SMOKE SIGNALS: Why is Girodias mad at Dick Seaver?
BARNEY ROSSET: Dick knew him before I did. And they cordially detest each other. But they both helped each other. Dick and Alex Trocchi were in Paris together, and they had this magazine called Merlin. I never learned all the ins and outs of that, but Merlin was the first publisher of Beckett in English. Dick is one of the two people I know who translated anything of Beckett's that got published. Until Beckett said "Fuck both of you." He loved both this other guy (Austryn Wainhouse) and Dick, but he thought it was better to do it himself. And Dick would be the first to say that. Anyway, Merlin had Watt and Malloy and they brought them to Maurice and Maurice did it. And he feels he should get credit for discovering Beckett, and that scoundrel Dick Seaver came along - (laughter) and Dick Seaver will tell you he feels the exact opposite, that Girodias wouldn't recognize Beckett in a million years. So somewhere in there lies the truth, but they really don't like each other. I sympathize with them both. I like them both. I think it's unfortunate that they share this mutual dislike for each other. So anyway, in this article Maurice wrote to the newspaper, he went after me, and then he really went after Dick.
SMOKE SIGNALS: When did you meet Dick Seaver?
BARNEY ROSSET: I met him in Paris in '53. I had already started publishing Waiting For Godot, and I had never heard of Dick Seaver or Merlin, so they had no influence on me because I had never heard of them. But when I got to Paris I did hear and I made a big thing out of meeting Dick. I've forgotten how I heard of him, it may well have been Beckett who told me, I don't know. But that's when I met him, and I thought he was marvelous, and immediately wanted him to come to work with me. But it took years for that to happen.
SMOKE SIGNALS: When did you actually start Grove Press?
BARNEY ROSSET: '51. I started it in '51. But it was started before me. I think in 1947 on Grove Street by a man named Robert Balcomb and Robert Feltz, and Cynthia Balcomb who owned the house on Grove Street. They started a publishing company to do reprints. They did three books and then quit. Then I bought out Feltz. Bought out - we're talking $1,500. And a trunk full of books. And Balcomb, who I discovered I couldn't live with. So I bought out the remaining copies of these books. So that's when I started, but technically it was started on Grove Street by Balcomb and Feltz.
SMOKE SIGNALS: And then you went to Paris in '53. . .
BARNEY ROSSET: I went there specifically to see Beckett. I had lived in Paris before, in '48. Before I was publishing. I was with my wife, well, we weren't married yet. Joan Mitchum, she was a painter on a fellowship. I was a filmmaker. I went there and I was with her and we come back to this country. I went to The New School. And I met somebody who knew Balcomb & Feltz, and I heard they had quit. So I took over three or four trunks of books, and took 'em up to my brownstone, and started. And that's how that was. Evergreen Review came later (1957). Then I decided to go back to school and learn how you publish. I took a course at Columbia, where Don Allen was a fellow student. The students, I think, were on a really superior level. And also the teachers, who were specialists in publishing. Ian Ballantine was there one week and so forth. And I met Don and I was really taken by him. I thought he had a really superior feeling about writing. Although he and I couldn't have been more different as people. We really had nothing in common. He had been an instructor at UCLA, he had been a specialist in the Navy. He'd gone to Japanese language school run by the Navy, which produced most of the great translators 20 years after the war. And eventually when I started Evergreen Review he was very key. For awhile. Quite awhile. Eventually that we had nothing in common took over. And we parted. He then went to work for New Directions. Then he went to California, where he's been publishing ever since. He had a superior ability, especially in poetry, where he led me into Ginsberg, Michael McClure, the whole San Francisco spectrum. He was also totally alien to God, very aristocratic, impossible, but with a real sensitivity to language. Marvelous! So Don was very important to the beginning of Evergreen.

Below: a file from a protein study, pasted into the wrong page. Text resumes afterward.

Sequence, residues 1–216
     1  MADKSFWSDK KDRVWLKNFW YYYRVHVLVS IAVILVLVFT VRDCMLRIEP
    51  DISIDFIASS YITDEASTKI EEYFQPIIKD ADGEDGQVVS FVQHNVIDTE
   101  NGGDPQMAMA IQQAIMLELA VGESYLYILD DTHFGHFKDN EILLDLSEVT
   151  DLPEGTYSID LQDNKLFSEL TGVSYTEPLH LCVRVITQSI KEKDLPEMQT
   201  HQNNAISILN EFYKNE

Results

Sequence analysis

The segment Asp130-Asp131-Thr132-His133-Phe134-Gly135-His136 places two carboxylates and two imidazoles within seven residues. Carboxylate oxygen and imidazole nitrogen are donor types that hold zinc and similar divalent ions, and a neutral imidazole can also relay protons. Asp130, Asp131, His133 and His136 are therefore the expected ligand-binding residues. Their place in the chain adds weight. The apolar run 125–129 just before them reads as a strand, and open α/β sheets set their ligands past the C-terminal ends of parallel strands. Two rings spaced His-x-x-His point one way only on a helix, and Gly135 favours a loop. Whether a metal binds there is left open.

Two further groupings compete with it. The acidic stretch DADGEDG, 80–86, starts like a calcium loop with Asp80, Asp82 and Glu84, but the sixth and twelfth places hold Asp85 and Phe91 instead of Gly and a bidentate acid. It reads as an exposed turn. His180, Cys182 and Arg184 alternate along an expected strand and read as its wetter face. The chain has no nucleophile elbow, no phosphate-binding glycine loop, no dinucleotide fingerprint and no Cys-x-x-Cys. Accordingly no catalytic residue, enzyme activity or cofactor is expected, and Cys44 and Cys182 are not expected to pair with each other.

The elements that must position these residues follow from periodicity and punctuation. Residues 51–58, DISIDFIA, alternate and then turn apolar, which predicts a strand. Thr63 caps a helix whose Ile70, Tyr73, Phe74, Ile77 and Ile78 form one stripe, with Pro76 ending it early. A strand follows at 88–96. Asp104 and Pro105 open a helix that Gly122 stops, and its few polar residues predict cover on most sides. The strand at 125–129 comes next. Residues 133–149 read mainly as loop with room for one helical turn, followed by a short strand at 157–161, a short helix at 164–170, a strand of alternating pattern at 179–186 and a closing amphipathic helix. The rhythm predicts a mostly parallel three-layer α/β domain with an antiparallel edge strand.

SMOKE SIGNALS: What about Dick Seaver?
BARNEY ROSSET: He came later. I met him in '53, and I didn't see him again for a number of years, when he was working for George Braziller, his book club. I don't know when he came here. I think somewhere around '61. He was Associate Editor, then Managing Editor of Evergreen.
SMOKE SIGNALS: Which I think was what he did at Merlin?
BARNEY ROSSET: I think so, but I really wasn't that familiar with Merlin. I met Alex Trocchi when I went to see Beckett, and Trocchi terrified me! Iris Owens would understand that. (laughs) I admired him and thought he was marvelous but oh my God! Then I met Dick and I said there's a sane, sensible beautiful person. I didn't want to go near Alex Trocchi!
SMOKE SIGNALS: Was he a junky at the time?
BARNEY ROSSET: I don't think so. He was so different as a junky here in New York. So pitiful. So beaten into the ground. He would come around here begging. It was really sad. His arrogance diminished. Ultimately is arrogance was wonderful. You realized that, or I did, after awhile. It was so much better than his begging. After he was arrested he jumped bail and all of the people who put the money up lost it. Which seemed to me wasn't too nice. But by then he was giving heroin to his kid too. It was a real waste. We published a really good novel of his here called Cain's Book. He was really a good writer! Dick (edited Trocchi's first novel, Young Adam) knew him very very well, much better than I did. He was the King. Physically. I didn't want to tangle with him, and I felt that I would if I hung around him. As I say, I didn't know his work in Merlin, or did I hear of Beckett through Merlin. I knew of Beckett through little pieces I had read and through Godot, though I certainly recognize Merlin's influence.